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What is a 10X Pillar page?

top of mind marketing: 10x pillar pages

 

That old “content is king” thing is so over. In its place are pillar pages. It means creating a content pillar page strategy. It’s both a methodical and creative approach to content development. I believe that organizing information is a creative process, so once I started creating a pillar page strategy for my own digital marketing content, I found that I loved the symmetry of this.

Let’s start by defining pillar page content

It starts with a single page of substantive content that’s an in-depth overview of your business—or if you’re doing multiple pillar pages—of one topic. This will be comprehensive and authoritative; generalities drill down to subpages with more details or illustrations.

Your goal: Create a 10X content pillar page

A 10X pillar page is a single webpage that is ten times better than any other resource out there covering this topic. This is the motherload. More creative, informative and easier to access. This means that it can be seen across devices and it offers solutions. When I write about a topic, I think in terms of providing information that helps people do their jobs—new tools and insights, better approaches to old dilemmas. This 10X pillar page has to be strong, standalone content around which you can build the rest of your website’s content.

One more thing to keep in mind: Word count

Part of this exercise is about ranking in search engines, and search engines need content so they can start indexing the content that we’re uploading to our websites and social sites. Your pillar page needs to be in the neighborhood of 3000 words. Sound like a lot? It is, but remember that you’re providing comprehensive information about which you’re an authority.

Creating topic clusters, or subpages that roll up to pillar pages

Once your pillar page is in place, it’s time to start developing the topic clusters, or subpages and blogs, that will provide more details about that topic. These are supplemental materials that support your pillar page. A subpage provides the opportunity to expand on what you’ve highlighted on your pillar page. It also needs to be fairly comprehensive—think 2500 words. These subpages take the form of text, infographics, videos, a guidebook or ebook. This is where you get creative and attract your users. They can be fun and entertaining, and tell a story.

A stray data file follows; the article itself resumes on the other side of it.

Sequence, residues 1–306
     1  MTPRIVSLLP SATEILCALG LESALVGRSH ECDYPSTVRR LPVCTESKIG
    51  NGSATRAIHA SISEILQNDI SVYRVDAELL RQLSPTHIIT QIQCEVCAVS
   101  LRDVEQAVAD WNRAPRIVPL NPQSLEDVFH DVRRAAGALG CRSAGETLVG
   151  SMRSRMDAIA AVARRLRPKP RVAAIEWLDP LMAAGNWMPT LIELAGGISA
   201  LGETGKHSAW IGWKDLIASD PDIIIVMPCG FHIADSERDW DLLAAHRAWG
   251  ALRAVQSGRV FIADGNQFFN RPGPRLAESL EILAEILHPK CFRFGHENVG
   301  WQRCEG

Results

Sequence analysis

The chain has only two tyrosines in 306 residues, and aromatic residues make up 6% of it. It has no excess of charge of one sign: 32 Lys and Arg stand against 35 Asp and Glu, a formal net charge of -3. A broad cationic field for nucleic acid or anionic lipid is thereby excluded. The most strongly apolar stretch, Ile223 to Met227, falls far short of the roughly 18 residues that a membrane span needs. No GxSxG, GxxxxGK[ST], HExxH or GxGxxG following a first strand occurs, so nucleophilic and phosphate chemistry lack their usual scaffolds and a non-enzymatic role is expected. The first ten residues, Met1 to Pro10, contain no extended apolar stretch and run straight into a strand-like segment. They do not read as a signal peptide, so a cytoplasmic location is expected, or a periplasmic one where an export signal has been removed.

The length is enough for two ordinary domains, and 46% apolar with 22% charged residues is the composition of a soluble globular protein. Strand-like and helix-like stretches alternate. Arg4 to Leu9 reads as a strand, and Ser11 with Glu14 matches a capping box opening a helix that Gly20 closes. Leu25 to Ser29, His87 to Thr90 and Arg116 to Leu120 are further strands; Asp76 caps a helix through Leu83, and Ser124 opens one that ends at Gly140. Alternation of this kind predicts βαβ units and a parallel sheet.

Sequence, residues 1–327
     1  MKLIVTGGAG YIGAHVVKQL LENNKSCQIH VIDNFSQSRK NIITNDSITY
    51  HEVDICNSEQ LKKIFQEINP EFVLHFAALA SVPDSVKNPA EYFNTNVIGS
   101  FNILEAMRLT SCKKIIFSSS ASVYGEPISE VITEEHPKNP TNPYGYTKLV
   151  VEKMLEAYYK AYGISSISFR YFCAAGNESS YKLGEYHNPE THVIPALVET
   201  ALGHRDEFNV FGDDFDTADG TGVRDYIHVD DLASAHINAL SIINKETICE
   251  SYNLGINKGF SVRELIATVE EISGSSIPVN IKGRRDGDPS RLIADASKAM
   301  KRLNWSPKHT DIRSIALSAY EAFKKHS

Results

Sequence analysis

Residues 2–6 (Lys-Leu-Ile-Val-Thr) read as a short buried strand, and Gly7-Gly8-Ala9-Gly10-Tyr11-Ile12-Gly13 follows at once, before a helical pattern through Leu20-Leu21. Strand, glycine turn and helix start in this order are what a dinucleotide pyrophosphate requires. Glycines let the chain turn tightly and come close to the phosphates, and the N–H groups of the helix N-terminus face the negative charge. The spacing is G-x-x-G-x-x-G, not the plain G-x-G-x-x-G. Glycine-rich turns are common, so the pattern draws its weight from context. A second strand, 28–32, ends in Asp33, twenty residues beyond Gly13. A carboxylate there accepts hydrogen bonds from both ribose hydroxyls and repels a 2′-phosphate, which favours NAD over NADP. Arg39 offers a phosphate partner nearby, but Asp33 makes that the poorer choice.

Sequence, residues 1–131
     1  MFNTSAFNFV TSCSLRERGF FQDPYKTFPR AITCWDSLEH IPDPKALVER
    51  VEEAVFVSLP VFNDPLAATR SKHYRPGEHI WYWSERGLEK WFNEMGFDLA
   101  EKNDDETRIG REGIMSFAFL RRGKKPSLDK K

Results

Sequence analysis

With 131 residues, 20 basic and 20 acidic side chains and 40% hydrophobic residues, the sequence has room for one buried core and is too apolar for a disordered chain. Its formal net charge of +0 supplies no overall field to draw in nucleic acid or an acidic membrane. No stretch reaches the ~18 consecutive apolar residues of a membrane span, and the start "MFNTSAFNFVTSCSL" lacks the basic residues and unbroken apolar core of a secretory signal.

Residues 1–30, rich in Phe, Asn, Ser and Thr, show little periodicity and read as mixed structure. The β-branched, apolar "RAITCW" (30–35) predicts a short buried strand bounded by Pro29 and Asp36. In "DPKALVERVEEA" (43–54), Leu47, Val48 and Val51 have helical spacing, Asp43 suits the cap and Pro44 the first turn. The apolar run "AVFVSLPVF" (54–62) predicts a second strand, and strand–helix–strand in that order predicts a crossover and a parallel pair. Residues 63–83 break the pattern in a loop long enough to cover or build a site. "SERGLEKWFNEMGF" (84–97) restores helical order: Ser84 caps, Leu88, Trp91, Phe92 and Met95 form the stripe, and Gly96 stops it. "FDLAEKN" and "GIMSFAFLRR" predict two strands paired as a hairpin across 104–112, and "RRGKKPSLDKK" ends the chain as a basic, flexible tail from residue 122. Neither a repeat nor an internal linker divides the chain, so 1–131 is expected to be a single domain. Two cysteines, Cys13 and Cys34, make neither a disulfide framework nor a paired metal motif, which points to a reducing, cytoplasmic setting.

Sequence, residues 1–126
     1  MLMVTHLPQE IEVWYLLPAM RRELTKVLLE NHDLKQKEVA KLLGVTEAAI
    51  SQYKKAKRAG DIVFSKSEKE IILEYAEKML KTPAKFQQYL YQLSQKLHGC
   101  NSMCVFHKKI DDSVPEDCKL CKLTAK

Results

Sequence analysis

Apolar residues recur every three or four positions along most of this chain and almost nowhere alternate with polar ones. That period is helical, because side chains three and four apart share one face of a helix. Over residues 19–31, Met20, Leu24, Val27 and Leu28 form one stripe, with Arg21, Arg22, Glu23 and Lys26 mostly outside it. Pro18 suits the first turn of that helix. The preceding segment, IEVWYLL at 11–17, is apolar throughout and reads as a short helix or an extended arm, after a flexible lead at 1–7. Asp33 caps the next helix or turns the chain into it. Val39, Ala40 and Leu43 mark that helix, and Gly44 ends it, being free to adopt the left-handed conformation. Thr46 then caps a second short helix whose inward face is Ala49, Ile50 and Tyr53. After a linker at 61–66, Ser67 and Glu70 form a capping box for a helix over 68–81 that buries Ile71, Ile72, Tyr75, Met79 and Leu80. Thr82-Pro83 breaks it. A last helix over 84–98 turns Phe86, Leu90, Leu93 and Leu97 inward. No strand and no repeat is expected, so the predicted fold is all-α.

Creating another layer of content with blogposts

Blogposts are another layer of content that link to the subpages of your pillar page strategy. These can be very specific to one topic. Blogs are informal, temporal and can be extremely topical. They can also be shorter than pillar pages and subpages, at 750 words. None of those 350 word blogs—those just don’t provide enough words for Google to chew on. Blogs should link to subpages. You should also be creating an inner linking strategy that helps keep users on your site, drilling down to read more content. Look for content or topics among your pages that is relational and create these inner links.

Subpages need to link back to the pillar page, strengthening value for both the user and search engines. Internally linking your supporting material to your core pillar creates the organizational structure that search engines like.

Subpages: What goes on a pillar page?

An estimated 84% of internet users are looking for content that provides a solution. Our attention spans are pathetically short. We want something that is personal, that reaches us on an emotional level. We love stories and want to be drawn in. Think about how you can work yourself into your descriptions. Provide case studies where appropriate.

Getting started with a pillar page strategy: Evaluate existing content

It starts with some analysis. Take a look at your Google Analytics account to see what pages your audience is coming to most often, paying attention to your bounce rate and where they’re entering and leaving your site. Look for drilldown through your site.

You don’t have to start from scratch. Do you have existing content that can act as either the pillar page or subpage content—or at least the starting point? I reorganized my own site and realigned the content. I also hunkered down and did some serious content development, which is going to be the case with most people who are adopting a pillar page strategy. Those word count requirements mean that content needs some beefing up.

Review your blogs; keep the good stuff and sunset the dated posts

Identify those blogposts that can be redirected and linked to your pillar subpages and those that should be either updated or sunsetted. I had some old blogs that went back for nearly ten years and many were dated and stale. I dumped these, and kept others and incorporated them into my pillar page strategy.

Share your expertise on social media

So now you’ve got this great content but no one knows it’s there. Start using your social media sites to share your expertise! Post to your Linked, Facebook and Instagram sites. Social becomes part of your overall pillar content marketing strategy.

Take the time to develop your pillars

Rethinking your goals, reorganizing and retrofitting content is a process. Take your time and do it right. Once complete, you will have created a stronger foundation for your website that will allow you to keep growing and building out your content.

Once you’ve created one pillar page strategy, you’re going to find that you will want to create more—further breaking down your authority into another grouping with a new pillar page hierarchy. Now you’ve got the tools and expertise to do this.

Ask us about developing a pillar-page strategy for your website. Contact Top of Mind Marketing. We’re writers and content marketing specialists.